Last December, when plans for the new conference structure first went into motion, Marquette was praised for making a move that made a ton of sense. The Catholic 7, Xavier, Creighton and Butler all have the athletic mentality of over-achieving mid-major programs, and their unification seemed inevitable.
With the removal of large and athletically competitive public schools like Louisville, Connecticut and Pittsburgh and even private schools like Syracuse, the Big East has gone from an eclectic combination of universities with varying athletic goals to a homogenous group with similar interests in mind. So far, the convenient and sensible realignment also appears slanted in the Golden Eagles favor.
Marquette has played nine games this fall against Big East opponents. Women’s soccer has played four, women’s volleyball three and men’s soccer two. The three teams have combined conference records of 9-0-0. It’s definitely early in the season, but expect this trend to continue. Marquette could realistically compete for the five major conference championships (those three sports plus both basketball teams) in the 2013-14 season.
Now this sudden universal contention implies a drop off in quality opposition. That comes as a necessary evil of removing the athletically competitive state schools from the Big East. However, this decrease in quality competition can be easily counteracted by a step up in pre-conference scheduling.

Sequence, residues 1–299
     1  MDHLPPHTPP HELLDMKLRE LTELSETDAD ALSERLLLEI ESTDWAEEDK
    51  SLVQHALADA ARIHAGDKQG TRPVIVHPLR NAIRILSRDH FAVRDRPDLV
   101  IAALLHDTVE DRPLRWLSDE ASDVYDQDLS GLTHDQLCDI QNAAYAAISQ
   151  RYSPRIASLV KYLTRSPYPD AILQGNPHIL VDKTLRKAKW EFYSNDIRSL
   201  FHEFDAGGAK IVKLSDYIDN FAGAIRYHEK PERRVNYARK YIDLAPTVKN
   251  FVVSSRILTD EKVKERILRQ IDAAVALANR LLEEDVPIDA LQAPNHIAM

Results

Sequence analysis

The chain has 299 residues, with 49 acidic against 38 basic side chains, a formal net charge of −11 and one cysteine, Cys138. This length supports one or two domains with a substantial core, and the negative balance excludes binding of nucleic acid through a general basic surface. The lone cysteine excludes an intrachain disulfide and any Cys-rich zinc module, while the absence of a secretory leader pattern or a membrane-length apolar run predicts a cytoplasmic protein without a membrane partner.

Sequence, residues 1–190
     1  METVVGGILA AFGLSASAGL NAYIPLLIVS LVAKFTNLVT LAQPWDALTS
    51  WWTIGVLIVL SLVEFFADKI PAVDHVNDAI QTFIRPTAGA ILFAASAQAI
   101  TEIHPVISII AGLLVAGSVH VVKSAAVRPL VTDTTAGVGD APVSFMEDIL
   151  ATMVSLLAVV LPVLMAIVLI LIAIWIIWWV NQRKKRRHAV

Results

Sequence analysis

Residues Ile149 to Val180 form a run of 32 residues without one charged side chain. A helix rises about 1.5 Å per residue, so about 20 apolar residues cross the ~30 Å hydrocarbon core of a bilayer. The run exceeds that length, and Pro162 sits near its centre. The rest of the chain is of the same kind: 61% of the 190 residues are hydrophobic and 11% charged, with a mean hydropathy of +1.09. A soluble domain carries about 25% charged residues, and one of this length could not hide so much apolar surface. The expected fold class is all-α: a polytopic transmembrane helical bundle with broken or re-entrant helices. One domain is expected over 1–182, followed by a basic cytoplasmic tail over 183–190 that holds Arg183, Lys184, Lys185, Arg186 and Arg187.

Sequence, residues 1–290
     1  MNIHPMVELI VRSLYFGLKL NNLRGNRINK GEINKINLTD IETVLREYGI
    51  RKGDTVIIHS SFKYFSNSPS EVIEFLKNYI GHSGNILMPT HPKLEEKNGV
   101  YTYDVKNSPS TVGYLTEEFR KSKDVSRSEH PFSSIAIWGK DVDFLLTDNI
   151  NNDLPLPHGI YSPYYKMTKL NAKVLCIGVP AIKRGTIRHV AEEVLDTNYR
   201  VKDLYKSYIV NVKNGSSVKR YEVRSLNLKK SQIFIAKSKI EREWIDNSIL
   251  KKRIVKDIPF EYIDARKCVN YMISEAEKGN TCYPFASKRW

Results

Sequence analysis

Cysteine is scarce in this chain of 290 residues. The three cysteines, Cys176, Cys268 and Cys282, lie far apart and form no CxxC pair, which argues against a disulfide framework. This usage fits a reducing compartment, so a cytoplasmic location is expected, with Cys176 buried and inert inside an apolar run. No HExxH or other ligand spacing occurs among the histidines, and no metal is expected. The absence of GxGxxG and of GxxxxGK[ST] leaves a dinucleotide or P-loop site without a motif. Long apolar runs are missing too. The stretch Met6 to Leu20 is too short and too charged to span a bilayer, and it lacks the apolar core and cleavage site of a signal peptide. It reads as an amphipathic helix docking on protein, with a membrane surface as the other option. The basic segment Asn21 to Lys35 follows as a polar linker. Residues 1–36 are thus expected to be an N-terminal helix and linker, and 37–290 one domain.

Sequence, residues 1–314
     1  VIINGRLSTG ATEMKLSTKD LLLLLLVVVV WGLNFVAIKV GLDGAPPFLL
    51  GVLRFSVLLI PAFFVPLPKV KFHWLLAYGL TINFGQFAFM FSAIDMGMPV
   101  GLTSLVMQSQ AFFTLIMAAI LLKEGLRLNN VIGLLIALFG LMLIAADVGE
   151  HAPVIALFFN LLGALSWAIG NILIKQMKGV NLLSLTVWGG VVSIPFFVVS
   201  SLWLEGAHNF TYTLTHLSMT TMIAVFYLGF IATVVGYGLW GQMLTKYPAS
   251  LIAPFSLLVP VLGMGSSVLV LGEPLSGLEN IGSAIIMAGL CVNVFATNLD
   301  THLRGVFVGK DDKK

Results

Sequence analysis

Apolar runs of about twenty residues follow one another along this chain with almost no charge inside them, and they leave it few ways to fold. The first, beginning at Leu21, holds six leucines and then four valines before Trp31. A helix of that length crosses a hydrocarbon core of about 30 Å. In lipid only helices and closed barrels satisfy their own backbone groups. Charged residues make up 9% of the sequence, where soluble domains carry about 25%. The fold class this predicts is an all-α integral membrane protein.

As a whole, Marquette has bulked up its non-conference schedules this season. Marquette volleyball took the lead in that regard when it played a team ranked in the top five nationally three weekends in a row. Women’s soccer has also faced a demanding slate, playing at the University of Portland, UCLA on a neutral site and keeping former conference mate Louisville on the schedule for a match at Valley Fields. The men’s basketball team followed suit, and will face Ohio State at the BMO Harris Bradley Center and play a tournament in Southern California in addition to their annual game against Wisconsin, which takes place at the Kohl Center this season.
As for conference play, Marquette won’t have to feel like it’s facing a murderer’s row every week. The old Big East was too crowded and convoluted for even a good Golden Eagles team to make much headway. Now a truly elite Marquette men’s basketball team can realistically win the conference and the conference tournament in the same year. Men’s soccer won’t finish third in its division despite a 12-match winning streak as in 2012. And a steadily improving women’s basketball team won’t have to worry about demoralizing beatdowns from UConn, Notre Dame and Louisville.
The new Big East takes the pressure off of Marquette athletics and allows teams to prove they are better than realistic opposition with similar goals. All is going according to plan so far.